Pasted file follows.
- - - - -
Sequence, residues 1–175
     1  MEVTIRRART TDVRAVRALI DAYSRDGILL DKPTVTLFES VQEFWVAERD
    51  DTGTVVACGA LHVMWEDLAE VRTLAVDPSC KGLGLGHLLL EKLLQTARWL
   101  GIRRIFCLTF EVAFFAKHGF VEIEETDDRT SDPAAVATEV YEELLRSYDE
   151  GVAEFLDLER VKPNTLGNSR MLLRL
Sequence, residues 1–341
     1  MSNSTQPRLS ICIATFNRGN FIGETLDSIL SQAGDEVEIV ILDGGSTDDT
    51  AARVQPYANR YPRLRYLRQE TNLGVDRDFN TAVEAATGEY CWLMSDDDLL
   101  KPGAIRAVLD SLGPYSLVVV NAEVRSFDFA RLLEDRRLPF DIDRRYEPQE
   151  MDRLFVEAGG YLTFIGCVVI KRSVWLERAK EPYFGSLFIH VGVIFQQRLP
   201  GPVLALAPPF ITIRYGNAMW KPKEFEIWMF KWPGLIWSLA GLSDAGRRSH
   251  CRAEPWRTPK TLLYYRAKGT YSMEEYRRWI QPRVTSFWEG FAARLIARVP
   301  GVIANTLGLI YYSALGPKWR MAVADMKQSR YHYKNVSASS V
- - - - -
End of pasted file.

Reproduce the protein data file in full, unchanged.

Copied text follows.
Sequence, residues 1–175
     1  MEVTIRRART TDVRAVRALI DAYSRDGILL DKPTVTLFES VQEFWVAERD
    51  DTGTVVACGA LHVMWEDLAE VRTLAVDPSC KGLGLGHLLL EKLLQTARWL
   101  GIRRIFCLTF EVAFFAKHGF VEIEETDDRT SDPAAVATEV YEELLRSYDE
   151  GVAEFLDLER VKPNTLGNSR MLLRL
Sequence, residues 1–341
     1  MSNSTQPRLS ICIATFNRGN FIGETLDSIL SQAGDEVEIV ILDGGSTDDT
    51  AARVQPYANR YPRLRYLRQE TNLGVDRDFN TAVEAATGEY CWLMSDDDLL
   101  KPGAIRAVLD SLGPYSLVVV NAEVRSFDFA RLLEDRRLPF DIDRRYEPQE
   151  MDRLFVEAGG YLTFIGCVVI KRSVWLERAK EPYFGSLFIH VGVIFQQRLP
   201  GPVLALAPPF ITIRYGNAMW KPKEFEIWMF KWPGLIWSLA GLSDAGRRSH
   251  CRAEPWRTPK TLLYYRAKGT YSMEEYRRWI QPRVTSFWEG FAARLIARVP
   301  GVIANTLGLI YYSALGPKWR MAVADMKQSR YHYKNVSASS V